Wednesday marked five weeks since Short Hills Caterers closed its doors, and its clients are still scrambling to recover thousands of dollars in deposits while former employees wonder what went wrong.
"Unfortunately, the Short Hills Caterers has been operating at a deficit for many years," Richard Honig, the attorney representing the company and its owner, Michael Bienstock of Englewood, told The Jewish Standard earlier this week.
Photo by Johanna Ginsberg/New Jersey Jewish News
Honig, of the Newark firm Hellring Lindeman Goldstein & Siegal, maintained that all of the company’s creditors, including clients who had paid deposits of anywhere from $4,000 to $15,0000 for events booked through ‘010, would receive their money back after the company is liquidated.
Who will oversee the liquidation process, however, is being challenged. Earlier this month, a lawyer representing three former clients filed a petition to place the liquidation process under federal auspices.
According to Steve Jurista of Wasserman, Jurista & Stoltz in Millburn whom Short Hills appointed to liquidate its assets the company’s debt is valued at approximately $500,000. The value of the 46-year-old company is "at least $1 million," he said. Jurista is confident that the proceeds from the proposed sale of the company will more than settle debts with creditors as well as refund deposits to all of the caterer’s clients.
Jurista has been working since April 18 to liquidate Short Hills’ assets, but on May 8, Stuart Nachbar, a lawyer representing three former Short Hills clients, filed an involuntary bankruptcy petition in federal bankruptcy court in Newark. If Short Hills is forced into involuntary bankruptcy, a federal court would oversee the company’s dismantling and appoint its own representative rather than an attorney chosen by Short Hills’ representatives to liquidate the company’s assets. This would also guarantee remittances to all of Short Hills’ creditors, Nachbar said.
"All the people who have claims against Short Hills Caterers would be involved in a singular case where everybody is treated according to bankruptcy code," he said. "Unsecured creditors share in whatever assets are left after secured creditors are paid off."
A hearing is scheduled for May ‘7 to decide the fate of the bankruptcy proceedings.
Until a decision is reached, Jurista’s work remains on hold.
Although Jurista and Honig said that all clients would be reimbursed, Nachbar said it is impossible for them to make that claim because nobody knows the extent of the damages owed.
Beyond just the return of their deposits, Nachbar said, former clients are owed damages that include the costs of switching to other caterers, reprinting invitations, and other costs associated with changing event dates.
"So how can Mr. Jurista and Mr. Honig make statements that there will be enough money to pay back all the creditors when we do not know what the claims are?" Nachbar said.
The catering company’s financial problems have long been simmering. Short Hills sold its liquor license last summer to Cheesecake Factory for $600,000, which allowed it to pay off its then-current debts, Honig said. But more debt accrued, and Bienstock’s financial advisers told him that $’50,000 had to be invested in the business to keep it running through the fall.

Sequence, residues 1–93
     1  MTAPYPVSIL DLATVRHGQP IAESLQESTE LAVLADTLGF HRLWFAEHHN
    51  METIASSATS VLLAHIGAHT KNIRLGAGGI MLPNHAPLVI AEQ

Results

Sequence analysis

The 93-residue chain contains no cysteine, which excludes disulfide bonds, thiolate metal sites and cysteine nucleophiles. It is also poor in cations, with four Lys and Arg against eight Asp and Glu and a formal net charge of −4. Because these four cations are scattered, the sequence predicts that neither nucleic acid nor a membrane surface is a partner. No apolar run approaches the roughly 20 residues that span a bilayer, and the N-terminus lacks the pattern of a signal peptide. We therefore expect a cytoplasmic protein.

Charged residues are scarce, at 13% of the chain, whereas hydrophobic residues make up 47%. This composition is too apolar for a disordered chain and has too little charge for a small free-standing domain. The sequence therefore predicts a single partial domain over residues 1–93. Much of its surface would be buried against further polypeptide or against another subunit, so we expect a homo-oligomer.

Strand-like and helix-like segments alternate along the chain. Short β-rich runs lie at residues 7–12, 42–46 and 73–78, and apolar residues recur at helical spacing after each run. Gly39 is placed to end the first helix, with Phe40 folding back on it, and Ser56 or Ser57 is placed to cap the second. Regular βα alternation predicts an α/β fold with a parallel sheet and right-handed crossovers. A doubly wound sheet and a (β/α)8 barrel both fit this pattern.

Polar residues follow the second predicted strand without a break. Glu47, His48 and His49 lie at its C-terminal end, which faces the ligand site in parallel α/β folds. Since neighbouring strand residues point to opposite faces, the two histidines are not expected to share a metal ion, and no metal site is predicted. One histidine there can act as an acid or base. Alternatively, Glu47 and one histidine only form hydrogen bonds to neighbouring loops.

Bienstock was convinced filing bankruptcy with the intent to reorganize would tarnish the company’s reputation, and Short Hills would not be able to attract new clients, Honig said. The two reached the decision to shutter the business between April 14 and April 15.
With the next scheduled party on May 10, Bienstock informed his employees of his decision on April 16, and the company officially closed on April 18.
"It was a family business for 46 years. It was a gut-wrenching decision to close," Honig said. "We didn’t want to get to the point we’d have to close on a Wednesday and there would be a party scheduled on a Saturday. Three-and-a-half weeks’ notice is better than three-and-a-half days’ notice."
According to former assistant general manager Joey Kenjorski, Short Hills employees knew nothing of Bienstock’s discussions or financial woes and were still accepting deposits as of April 14. Kenjorski recalled making a bank deposit of $11,000 that day.
"There’s no way I would have gone to the bank and deposited money if I knew we were closing," she said.
Employees are angry at Bienstock for keeping them in the dark for so long about the company’s finances.
"There should have been a point where the owner said we’re going to be closing the doors," said Kenjorski, who held her own wedding at Short Hills just six weeks before it closed. "None of us would have walked out the door. We wouldn’t have just left. We worked as a family, we were all trying to help each other out."
When Short Hills sold its liquor license last year, Bienstock allegedly told the staff that the money would go toward upgrading the banquet hall, not paying down debt, said former general manager John Bowes.
Last week, Bowes began a new job at Wilshire Grand Caterers in West Orange. Kenjorski and other employees have not been as lucky.
"It put us all in a really, really bad position," Kenjorski said. "You have people from every end of the spectrum who don’t need to work and have savings, people who need to feed their children, and people who could barely pay their mortgage even with a full-time job."
After the closing became public, Bowes called more than 60 of the caterer’s clients to explain the situation and help them find quick alternatives.
"I basically spent 40 minutes on the phone with each client," he said. "It’s devastating. A lot of people are saving up money for their son or daughter’s bar or bat mitzvah and if they’re out $10,000 or $15,000, it’s hard."